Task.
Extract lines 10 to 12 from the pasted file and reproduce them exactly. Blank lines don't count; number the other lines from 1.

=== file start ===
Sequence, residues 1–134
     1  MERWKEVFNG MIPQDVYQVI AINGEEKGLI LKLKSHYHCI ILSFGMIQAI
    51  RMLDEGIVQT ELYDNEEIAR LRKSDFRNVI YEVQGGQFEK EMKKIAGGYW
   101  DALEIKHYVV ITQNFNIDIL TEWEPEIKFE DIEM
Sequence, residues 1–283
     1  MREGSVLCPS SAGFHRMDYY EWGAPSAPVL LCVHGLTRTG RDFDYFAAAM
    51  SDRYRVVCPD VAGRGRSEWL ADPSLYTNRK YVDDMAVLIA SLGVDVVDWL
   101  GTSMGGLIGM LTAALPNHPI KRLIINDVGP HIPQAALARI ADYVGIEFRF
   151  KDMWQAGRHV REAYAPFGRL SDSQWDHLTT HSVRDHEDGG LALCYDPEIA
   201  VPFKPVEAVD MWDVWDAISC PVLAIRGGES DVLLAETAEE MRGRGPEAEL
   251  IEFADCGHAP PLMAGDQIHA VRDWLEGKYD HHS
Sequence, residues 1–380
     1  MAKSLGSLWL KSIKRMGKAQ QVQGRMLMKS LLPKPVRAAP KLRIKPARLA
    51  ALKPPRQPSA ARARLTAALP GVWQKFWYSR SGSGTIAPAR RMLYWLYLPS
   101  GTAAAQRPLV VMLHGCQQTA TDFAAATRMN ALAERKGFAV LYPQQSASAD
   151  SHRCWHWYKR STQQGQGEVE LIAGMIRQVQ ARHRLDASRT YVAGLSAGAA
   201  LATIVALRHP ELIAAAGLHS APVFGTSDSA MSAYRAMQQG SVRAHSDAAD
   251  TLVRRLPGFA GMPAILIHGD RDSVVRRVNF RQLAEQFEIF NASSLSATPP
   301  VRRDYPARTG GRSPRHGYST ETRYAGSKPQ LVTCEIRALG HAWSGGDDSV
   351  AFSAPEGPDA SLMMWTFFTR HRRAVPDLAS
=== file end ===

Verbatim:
   201  VPFKPVEAVD MWDVWDAISC PVLAIRGGES DVLLAETAEE MRGRGPEAEL
   251  IEFADCGHAP PLMAGDQIHA VRDWLEGKYD HHS
Sequence, residues 1–380